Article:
So yes, there are foolproof ways of detecting VNRs. But for us schmoes outside the system, the SIGMA reports are hard to come by.

Posted by: Daniel Price at April 25, 2004 12:03 PM | Permalink

Alice, a bottom-up challenge is precisely the remedy to the power and range of big media and the broadcast model. Jay's post about Karen Ryan and its reverb serves as a good example. Have the net and weblogging usurped the power of Big Media yet? No. But we're getting closer, all things considered. And I still say it's the best shot we've got.

Posted by: jeneane at April 26, 2004 12:21 PM | Permalink

Coming to this discussion somewhat late, and at the risk of provoking flames from a crowd of journalists, I'd suggest that VNRs are merely commercial speech by commercial actors proposing commercial transactions. Further, when wrapped in the mantle of 'reporting', they are inherently false and deceptive.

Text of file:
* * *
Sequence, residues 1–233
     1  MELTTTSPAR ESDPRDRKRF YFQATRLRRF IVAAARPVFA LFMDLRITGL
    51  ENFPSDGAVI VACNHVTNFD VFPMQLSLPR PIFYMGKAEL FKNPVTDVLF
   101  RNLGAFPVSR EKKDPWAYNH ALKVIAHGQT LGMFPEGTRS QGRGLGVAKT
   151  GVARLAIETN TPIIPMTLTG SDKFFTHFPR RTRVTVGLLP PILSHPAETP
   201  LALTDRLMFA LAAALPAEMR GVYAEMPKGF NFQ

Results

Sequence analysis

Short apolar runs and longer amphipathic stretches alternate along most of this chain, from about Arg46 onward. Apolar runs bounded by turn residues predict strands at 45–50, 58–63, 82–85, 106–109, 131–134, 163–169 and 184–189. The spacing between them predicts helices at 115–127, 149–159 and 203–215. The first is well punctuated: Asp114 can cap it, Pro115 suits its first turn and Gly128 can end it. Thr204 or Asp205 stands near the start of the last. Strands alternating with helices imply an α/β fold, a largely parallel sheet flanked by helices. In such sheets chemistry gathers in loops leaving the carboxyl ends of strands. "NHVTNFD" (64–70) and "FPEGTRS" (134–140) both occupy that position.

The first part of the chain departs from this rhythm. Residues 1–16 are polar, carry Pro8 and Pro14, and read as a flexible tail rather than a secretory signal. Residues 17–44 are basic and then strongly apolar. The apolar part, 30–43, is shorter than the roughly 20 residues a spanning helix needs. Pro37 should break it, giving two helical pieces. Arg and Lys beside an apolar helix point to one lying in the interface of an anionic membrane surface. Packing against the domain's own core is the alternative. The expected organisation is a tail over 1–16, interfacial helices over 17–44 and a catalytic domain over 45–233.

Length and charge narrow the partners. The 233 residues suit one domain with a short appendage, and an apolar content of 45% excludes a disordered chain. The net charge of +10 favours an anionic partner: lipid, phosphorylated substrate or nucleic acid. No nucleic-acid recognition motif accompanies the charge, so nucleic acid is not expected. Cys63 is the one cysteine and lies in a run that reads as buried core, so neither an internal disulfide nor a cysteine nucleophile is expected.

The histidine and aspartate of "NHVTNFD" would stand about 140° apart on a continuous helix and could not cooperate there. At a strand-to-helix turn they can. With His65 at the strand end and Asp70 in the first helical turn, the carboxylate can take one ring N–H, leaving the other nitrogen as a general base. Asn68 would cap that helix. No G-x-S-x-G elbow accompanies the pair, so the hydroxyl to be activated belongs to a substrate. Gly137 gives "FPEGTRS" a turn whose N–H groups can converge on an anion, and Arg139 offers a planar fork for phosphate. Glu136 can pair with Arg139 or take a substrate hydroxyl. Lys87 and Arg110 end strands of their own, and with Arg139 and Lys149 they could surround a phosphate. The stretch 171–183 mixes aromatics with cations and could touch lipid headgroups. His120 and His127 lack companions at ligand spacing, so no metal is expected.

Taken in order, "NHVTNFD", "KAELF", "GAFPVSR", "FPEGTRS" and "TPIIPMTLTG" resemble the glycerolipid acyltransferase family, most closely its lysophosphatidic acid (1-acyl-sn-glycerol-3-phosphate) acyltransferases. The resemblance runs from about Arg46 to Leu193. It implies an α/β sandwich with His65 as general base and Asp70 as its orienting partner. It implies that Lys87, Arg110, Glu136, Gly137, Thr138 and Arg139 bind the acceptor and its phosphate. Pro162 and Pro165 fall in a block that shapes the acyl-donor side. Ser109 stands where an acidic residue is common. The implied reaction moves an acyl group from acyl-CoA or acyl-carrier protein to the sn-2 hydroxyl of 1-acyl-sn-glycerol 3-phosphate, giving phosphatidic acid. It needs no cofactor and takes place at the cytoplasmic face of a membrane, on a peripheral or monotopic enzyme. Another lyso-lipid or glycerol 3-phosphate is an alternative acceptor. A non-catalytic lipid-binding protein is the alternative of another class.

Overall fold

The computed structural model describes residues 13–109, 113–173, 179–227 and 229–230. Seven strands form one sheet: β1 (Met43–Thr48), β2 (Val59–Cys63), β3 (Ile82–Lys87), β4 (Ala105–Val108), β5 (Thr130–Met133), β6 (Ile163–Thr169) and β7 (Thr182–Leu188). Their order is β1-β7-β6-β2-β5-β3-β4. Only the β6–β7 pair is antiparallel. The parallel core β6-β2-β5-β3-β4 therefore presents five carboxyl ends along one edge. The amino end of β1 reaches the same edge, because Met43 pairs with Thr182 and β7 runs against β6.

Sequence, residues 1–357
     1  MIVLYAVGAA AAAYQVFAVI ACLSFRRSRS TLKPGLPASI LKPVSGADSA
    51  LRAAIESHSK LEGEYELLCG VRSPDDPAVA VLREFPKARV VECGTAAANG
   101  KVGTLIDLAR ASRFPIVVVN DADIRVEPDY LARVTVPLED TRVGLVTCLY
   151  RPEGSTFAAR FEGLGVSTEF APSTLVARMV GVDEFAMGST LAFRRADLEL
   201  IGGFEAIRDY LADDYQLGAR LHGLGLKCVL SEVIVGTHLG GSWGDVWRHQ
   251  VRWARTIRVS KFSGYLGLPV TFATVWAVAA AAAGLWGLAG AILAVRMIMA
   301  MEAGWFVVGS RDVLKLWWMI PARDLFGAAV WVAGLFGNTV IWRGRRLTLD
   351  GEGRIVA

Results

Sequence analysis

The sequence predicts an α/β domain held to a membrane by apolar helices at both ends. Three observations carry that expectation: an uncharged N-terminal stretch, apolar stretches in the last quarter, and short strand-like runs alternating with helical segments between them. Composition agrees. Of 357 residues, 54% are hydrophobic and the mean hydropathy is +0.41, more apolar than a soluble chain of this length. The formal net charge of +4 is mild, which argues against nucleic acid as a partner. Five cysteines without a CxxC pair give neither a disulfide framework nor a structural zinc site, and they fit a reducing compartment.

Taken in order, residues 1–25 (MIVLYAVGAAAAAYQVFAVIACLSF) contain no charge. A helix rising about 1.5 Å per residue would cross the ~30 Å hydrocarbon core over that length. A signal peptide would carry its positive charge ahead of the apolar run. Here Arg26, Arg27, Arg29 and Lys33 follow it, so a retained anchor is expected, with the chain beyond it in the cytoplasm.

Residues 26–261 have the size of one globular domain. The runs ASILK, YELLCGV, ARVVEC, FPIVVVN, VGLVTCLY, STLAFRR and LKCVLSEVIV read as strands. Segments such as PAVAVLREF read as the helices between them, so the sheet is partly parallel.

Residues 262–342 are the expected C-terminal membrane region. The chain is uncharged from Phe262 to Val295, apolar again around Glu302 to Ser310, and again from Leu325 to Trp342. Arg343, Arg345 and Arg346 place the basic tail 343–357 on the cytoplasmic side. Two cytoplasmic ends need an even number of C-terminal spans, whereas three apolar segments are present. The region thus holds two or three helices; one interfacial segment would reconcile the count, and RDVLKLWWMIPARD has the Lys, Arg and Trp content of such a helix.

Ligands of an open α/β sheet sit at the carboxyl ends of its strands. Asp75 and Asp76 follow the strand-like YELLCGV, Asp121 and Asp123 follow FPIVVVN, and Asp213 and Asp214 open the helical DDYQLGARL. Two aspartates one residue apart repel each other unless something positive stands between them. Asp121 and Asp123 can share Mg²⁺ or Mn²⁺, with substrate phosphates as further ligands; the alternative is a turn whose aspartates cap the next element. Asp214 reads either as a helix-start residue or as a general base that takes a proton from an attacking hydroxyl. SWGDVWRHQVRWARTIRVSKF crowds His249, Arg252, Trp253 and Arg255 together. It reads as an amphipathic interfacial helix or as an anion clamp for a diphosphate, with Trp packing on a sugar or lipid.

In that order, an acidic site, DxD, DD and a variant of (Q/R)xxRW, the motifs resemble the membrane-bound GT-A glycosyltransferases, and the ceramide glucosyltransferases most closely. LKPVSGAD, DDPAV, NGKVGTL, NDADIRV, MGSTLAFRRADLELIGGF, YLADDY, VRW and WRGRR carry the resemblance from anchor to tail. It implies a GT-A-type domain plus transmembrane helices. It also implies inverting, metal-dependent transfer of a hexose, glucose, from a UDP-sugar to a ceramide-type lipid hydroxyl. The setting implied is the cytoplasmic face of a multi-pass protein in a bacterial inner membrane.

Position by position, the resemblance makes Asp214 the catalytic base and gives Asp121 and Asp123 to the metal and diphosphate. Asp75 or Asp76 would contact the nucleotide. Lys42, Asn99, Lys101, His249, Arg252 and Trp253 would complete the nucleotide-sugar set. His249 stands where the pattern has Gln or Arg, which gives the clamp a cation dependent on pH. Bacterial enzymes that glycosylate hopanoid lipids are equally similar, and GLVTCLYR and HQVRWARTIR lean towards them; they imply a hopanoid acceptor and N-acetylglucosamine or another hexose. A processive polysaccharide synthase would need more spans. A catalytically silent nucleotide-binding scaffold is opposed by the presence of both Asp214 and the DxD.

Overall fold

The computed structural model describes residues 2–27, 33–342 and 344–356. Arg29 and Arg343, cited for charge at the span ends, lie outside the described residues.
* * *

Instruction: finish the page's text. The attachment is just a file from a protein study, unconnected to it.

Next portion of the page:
The Federal Trade Commission has a duty to regulate false and deceptive advertising. I am afraid that I am suggesting that the FTC ought to regulate television's so-called 'news rooms'.

Of course, I continue to support the right of independent news reporters, editorialists, and publishers to be free from prior restraints on the press. And regulations aimed at any remaining shred of the industry left with even a tattered claim to decency should still be subject to a heightened standard of strict scrutiny.

Posted by: Ned Ulbricht at April 27, 2004 6:12 PM | Permalink

From the Intro